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Advance Decisions (Living Wills)
If you have determined that you would like to make a living will, or an ‘advance decision’ in relation to your medical treatment and future wellbeing, then JMW's team of experienced solicitors can help you every step of the way throughout this legal process.
An advance decision sets out the types of medical treatment you would refuse should you become unable to communicate a decision about your wellbeing in the future. This could include procedures like a blood transfusion or an amputation. Similarly, individuals who have dementia or a terminal illness may want to specify which types of treatment they would not want to receive.
This legal agreement has the same effect as a refusal of treatment by a person who is of sound mind. They need to be carefully worded to ensure your wishes will be followed in the future when you cannot communicate them yourself.
Our specialist team of lawyers is highly experienced in this area of law, and can assist you in drawing up an advanced decision that matches your needs and situation to ensure your wishes regarding your treatment are met.
How JMW Can Help
We have helped our clients with a broad range of circumstances to write an advanced decision to confirm the treatments they want to refuse and ensure their wishes are met should they be needed. JMW has considerable experience acting for local hospices and cancer support charities to assist their service users in documenting their wishes as to medical treatment.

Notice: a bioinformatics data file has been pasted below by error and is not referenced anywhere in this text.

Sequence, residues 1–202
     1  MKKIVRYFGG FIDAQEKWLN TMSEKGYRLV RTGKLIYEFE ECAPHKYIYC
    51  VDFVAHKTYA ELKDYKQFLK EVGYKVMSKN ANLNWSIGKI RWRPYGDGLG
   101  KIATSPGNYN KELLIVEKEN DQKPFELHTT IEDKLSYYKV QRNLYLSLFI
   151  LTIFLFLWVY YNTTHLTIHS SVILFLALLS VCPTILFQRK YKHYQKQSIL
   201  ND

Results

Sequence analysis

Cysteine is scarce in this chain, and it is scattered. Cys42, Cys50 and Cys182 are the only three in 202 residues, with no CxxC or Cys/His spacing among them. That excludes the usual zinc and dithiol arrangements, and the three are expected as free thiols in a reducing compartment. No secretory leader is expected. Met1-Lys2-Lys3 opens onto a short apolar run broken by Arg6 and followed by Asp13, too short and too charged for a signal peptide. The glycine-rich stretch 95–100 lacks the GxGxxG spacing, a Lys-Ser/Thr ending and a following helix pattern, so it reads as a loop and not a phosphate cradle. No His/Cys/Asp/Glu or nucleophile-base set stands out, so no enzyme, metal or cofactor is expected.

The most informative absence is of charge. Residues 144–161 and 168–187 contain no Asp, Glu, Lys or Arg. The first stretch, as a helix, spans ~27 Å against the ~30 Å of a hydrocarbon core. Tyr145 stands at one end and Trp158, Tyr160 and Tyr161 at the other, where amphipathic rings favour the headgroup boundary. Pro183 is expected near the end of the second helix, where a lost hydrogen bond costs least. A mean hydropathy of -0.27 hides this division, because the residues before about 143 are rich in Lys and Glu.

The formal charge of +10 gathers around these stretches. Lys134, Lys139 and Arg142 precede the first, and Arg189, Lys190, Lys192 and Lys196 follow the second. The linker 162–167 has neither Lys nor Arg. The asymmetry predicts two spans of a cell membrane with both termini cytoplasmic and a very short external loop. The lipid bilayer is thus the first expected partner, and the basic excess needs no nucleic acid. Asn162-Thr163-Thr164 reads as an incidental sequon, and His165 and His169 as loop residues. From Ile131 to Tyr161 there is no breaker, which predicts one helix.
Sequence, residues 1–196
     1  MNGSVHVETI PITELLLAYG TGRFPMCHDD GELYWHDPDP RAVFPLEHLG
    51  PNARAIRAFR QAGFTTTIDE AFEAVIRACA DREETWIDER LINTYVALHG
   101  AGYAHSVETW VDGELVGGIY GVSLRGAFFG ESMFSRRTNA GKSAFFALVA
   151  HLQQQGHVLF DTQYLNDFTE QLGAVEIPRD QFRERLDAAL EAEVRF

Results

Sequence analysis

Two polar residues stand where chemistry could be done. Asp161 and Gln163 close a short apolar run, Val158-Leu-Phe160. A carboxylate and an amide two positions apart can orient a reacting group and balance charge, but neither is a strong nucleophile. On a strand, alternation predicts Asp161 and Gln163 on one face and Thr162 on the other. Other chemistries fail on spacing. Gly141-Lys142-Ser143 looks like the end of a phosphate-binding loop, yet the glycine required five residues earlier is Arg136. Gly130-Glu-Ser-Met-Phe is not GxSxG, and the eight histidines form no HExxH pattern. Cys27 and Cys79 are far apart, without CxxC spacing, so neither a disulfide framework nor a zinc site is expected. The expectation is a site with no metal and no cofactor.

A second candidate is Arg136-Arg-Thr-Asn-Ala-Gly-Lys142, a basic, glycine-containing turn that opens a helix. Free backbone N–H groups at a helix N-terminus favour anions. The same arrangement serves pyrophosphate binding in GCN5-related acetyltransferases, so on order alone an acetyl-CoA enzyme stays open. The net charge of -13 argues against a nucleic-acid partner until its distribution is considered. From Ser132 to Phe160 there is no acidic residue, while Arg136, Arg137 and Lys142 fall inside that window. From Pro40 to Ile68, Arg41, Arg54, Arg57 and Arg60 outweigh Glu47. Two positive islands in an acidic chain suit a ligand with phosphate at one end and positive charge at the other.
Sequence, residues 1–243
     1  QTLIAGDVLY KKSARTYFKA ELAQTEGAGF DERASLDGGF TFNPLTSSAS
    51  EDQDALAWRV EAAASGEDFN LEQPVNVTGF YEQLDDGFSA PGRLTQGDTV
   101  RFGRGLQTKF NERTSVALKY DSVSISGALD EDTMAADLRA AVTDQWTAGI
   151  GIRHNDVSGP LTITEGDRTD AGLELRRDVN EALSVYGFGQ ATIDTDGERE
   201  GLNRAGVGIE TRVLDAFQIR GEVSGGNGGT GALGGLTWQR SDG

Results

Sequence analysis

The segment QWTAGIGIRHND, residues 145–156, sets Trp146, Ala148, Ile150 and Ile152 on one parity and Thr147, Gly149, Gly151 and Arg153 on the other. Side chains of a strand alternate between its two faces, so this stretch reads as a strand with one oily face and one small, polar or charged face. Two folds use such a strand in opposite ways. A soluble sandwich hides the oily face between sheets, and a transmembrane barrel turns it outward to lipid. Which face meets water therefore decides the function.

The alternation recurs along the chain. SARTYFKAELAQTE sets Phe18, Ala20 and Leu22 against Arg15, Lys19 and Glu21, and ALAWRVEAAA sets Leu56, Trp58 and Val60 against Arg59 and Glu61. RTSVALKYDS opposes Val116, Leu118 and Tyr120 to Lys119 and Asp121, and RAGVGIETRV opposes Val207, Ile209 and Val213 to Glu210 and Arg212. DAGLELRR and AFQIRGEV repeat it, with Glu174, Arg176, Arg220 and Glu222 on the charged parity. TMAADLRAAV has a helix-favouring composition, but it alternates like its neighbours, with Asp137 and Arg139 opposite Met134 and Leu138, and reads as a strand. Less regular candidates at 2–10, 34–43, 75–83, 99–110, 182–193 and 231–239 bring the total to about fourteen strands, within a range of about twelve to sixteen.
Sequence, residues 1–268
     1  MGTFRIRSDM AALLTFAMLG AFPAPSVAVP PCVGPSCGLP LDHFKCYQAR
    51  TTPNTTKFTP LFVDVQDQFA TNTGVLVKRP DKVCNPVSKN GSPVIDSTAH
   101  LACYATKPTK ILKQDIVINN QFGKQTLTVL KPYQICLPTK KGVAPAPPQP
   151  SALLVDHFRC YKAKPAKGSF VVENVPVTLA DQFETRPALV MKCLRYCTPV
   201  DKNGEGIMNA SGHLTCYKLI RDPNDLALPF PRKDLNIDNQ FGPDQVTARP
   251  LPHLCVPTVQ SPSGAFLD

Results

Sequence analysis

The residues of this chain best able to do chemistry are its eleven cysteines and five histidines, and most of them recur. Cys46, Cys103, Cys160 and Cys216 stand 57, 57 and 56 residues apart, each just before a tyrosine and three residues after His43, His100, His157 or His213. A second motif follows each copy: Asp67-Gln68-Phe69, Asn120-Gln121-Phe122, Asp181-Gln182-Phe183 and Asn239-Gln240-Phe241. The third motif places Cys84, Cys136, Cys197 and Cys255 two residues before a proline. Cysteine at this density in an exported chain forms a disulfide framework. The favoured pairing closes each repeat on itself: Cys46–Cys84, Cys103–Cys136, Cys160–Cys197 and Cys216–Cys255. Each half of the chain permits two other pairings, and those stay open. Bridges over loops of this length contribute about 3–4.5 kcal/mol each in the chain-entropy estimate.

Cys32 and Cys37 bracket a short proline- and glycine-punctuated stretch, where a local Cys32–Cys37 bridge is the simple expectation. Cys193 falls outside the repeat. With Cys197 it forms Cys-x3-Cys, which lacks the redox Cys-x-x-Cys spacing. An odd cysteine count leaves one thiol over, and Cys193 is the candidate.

Our expert lawyers are renowned for their professionalism, knowledge and expertise and their experience in this area means we will provide you with objective, specialist advice that is tailored to your specific circumstances.
How Do I Make a Living Will?
An advance decision must meet the following criteria:
- The person involved must be over 18, and have the mental capacity to make the decision
- A decision regarding which type of treatment would be refused must be specified
- The circumstances in which the refusal would be made must also be decided
- It must be agreed that decision would still stand, even if your life was at risk
- The decision must not have been changed since it was finalised
- It must be in writing and signed in the presence of a witness
- The individual involved must not have been pressured, influenced or suffered harassment from an external party when making the decision
Lasting Power of Attorney
If you’re not sure if a living will is right for you at this point in time, you may wish to consider appointing an attorney pursuant to a lasting power of attorney (LPA). The simple difference between a living will and an LPA is that whilst a living will, dictates the specific types of medical treatment you do not want, an LPA grants a trusted individual with the legal power to make these kinds of decisions on your behalf in case you lose the mental capacity to do so yourself.